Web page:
We have a vision of a Network Compute Fabric where the lines between networking and computing disappear. On the journey there, edge cloud computing provides a critical stepping-stone where computing is pushed very close to where it is needed. This distribution of computing capabilities in the network creates new challenges for its management and operation. We argue that a data-centric approach that extensively uses artificial intelligence (AI) and machine learning (ML) technologies to realize specific management functions is a good candidate to tackle these challenges. As can be seen in Figure 1, edge computing services can be provided through compute/storage resources at different locations in a network, such as on-premises at a customer/enterprise site (industrial control, for example) or at access and local/regional sites (telco operators, for example).
In our last post, we demonstrated how to develop a machine learning pipeline and deploy it as a web app using PyCaret and Flask framework in Python. If you haven't heard about PyCaret before, please read this announcement to learn more. In this tutorial, we will use the same machine learning pipeline and Flask app that we built and deployed previously. This time we will demonstrate how to deploy a machine learning pipeline as a web app using the Microsoft Azure Web App Service. In order to deploy a machine learning pipeline on Microsoft Azure, we will have to containerize our pipeline in a software called "Docker".
One of the initial hesitations in many enterprise organizations moving into the cloud in the last decade was the question of security. Significant amounts of money had been put into corporate firewalls, and now technology companies were suggesting corporate data reside outside that security barrier. Early questions were addressed, and information began to move into the cloud. However, nothing stands still, and the extra volume of data and networking intersects with the increased complexity of attacks, and artificial intelligence (AI) is being used to keep things safe. The initial hesitation for enterprise organizations to move to the cloud was met by data centers improving hardware and networking security, while the cloud software providers, both cloud hosts and application providers, increased software security past what was initially offered in the cloud.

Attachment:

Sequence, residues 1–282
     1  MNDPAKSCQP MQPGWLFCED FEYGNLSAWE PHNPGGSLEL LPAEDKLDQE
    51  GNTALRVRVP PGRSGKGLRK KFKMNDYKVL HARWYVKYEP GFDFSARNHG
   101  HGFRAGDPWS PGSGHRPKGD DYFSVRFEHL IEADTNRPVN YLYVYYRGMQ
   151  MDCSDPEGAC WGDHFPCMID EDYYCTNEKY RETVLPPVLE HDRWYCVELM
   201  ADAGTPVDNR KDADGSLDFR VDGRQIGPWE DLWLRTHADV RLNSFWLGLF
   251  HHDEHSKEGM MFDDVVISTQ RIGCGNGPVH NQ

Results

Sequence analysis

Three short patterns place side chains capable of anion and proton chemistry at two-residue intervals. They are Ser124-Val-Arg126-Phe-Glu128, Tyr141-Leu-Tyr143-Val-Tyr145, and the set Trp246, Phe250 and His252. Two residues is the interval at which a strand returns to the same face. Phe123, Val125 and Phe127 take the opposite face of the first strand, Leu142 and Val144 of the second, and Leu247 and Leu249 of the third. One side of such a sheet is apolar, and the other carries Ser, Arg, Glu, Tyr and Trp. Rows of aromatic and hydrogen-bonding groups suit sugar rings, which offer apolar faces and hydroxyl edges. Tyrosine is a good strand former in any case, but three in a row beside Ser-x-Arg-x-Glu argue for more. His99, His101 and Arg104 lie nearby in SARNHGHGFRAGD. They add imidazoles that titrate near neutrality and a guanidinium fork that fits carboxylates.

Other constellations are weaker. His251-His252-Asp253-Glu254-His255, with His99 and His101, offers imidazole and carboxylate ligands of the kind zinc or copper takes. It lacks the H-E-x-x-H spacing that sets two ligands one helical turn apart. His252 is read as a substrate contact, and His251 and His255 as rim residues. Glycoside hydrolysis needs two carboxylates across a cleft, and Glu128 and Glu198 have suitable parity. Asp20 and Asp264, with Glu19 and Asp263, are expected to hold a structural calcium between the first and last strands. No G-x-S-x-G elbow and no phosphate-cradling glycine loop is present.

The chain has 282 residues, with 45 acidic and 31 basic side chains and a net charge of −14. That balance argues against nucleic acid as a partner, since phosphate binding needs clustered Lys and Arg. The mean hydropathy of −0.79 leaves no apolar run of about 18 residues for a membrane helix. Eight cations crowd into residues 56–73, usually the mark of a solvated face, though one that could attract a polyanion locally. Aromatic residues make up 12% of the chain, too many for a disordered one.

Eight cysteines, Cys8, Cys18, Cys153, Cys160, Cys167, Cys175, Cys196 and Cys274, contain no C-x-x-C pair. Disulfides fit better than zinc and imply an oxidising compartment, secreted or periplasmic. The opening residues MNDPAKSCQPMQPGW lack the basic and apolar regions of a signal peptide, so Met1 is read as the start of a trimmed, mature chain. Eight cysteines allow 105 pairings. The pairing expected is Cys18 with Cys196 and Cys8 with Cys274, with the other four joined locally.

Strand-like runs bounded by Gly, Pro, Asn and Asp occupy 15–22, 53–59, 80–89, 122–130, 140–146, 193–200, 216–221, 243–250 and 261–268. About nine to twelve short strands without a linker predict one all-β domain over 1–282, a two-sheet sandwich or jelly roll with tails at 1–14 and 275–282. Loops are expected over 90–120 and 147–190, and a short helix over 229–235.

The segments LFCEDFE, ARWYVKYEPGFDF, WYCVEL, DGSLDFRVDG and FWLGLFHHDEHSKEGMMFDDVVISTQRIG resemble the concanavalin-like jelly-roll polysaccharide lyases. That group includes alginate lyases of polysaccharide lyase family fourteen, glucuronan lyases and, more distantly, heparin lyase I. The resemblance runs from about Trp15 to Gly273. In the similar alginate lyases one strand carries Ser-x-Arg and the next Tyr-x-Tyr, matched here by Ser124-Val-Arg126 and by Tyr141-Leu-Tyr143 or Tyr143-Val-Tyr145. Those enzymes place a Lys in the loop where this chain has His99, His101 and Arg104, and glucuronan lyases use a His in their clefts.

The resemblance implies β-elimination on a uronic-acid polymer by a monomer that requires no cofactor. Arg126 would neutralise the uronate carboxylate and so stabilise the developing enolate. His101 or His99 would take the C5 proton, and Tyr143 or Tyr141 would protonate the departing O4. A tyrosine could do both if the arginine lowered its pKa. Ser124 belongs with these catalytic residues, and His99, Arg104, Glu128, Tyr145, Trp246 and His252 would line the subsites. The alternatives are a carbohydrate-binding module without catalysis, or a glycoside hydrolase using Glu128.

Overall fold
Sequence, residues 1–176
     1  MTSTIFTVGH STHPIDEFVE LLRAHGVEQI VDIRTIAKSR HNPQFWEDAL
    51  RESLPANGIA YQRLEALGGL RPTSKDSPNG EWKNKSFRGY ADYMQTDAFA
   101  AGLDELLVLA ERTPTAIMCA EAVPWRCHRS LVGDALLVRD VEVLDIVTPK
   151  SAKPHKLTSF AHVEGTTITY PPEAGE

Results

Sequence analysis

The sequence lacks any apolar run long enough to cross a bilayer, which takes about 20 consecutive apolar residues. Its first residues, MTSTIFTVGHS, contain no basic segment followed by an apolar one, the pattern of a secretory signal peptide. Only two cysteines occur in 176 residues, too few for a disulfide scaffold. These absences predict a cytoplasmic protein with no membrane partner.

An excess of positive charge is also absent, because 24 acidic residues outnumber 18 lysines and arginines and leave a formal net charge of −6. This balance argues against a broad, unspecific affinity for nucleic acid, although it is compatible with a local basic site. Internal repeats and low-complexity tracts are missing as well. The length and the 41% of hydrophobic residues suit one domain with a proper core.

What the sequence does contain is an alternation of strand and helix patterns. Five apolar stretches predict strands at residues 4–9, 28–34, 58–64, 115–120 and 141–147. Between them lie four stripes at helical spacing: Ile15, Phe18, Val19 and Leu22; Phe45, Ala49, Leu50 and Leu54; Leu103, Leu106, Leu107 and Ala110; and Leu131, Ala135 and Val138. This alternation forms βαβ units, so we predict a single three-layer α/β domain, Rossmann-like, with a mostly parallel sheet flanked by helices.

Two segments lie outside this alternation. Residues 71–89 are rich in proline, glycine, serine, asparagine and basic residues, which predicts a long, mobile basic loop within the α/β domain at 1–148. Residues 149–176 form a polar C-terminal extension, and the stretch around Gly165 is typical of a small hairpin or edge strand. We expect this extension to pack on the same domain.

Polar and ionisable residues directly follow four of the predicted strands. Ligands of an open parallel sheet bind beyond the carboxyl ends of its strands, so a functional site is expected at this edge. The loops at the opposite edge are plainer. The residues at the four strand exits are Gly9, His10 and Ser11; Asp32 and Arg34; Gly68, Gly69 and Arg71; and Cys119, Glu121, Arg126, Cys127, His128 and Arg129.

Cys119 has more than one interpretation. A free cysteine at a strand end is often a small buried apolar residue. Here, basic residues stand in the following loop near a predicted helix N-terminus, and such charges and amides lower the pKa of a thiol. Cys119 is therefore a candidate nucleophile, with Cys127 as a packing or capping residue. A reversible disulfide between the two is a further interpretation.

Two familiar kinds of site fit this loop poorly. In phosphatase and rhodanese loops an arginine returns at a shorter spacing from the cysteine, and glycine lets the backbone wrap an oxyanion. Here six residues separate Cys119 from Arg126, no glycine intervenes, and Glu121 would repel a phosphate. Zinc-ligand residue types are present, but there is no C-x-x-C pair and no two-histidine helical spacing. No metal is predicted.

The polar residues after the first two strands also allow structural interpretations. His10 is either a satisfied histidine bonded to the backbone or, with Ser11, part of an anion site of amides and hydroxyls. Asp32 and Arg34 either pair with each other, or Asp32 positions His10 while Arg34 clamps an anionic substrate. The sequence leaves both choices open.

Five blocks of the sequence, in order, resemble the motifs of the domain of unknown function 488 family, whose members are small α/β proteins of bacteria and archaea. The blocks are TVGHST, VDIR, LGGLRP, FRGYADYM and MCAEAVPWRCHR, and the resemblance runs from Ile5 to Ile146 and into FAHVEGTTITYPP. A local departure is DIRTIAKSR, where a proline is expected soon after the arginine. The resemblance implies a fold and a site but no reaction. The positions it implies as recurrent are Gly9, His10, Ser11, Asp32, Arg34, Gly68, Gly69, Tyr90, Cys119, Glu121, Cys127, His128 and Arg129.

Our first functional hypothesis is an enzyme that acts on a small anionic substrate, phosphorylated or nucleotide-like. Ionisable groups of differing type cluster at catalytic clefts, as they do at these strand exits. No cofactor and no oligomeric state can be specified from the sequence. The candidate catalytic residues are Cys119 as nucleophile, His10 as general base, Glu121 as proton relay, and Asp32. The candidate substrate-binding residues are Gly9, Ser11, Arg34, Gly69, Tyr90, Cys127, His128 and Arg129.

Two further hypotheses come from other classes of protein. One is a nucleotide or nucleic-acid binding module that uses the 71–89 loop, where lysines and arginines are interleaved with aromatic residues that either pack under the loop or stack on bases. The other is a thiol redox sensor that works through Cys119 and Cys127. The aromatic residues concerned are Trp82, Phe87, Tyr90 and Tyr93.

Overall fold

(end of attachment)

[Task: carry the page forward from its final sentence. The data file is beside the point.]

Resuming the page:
Baking is as much science as it is art. Perhaps to find out whether the former's more important, Google Cloud AI is taking on a Great British Bake Off winner in a dessert face-off. Sara Robinson, an amateur baker and Google Cloud developer advocate, built a machine learning model that examined hundreds of baking recipes (including ones for traybakes, cookies and scones) to help her come up with a new one. The model generated lists of ingredients and amounts that were used as the basis for step-by-step recipes. The model was able to come up with hybrid recipes and Robinson opted for one that had a machine learning-generated cake batter on top of a machine learning-generated cookie.
Google has hired former Intel executive Uri Frank to lead its custom chip division. Apart from Google, many companies have taken to chipmaking in the last few years to build competitive moats. The Intel veteran will serve as the Vice-President of Engineering for server chip design at Google. Uri Frank has over two decades of experience in custom CPU design and delivery experience. His expertise in design engineering at Intel will come in handy for Google.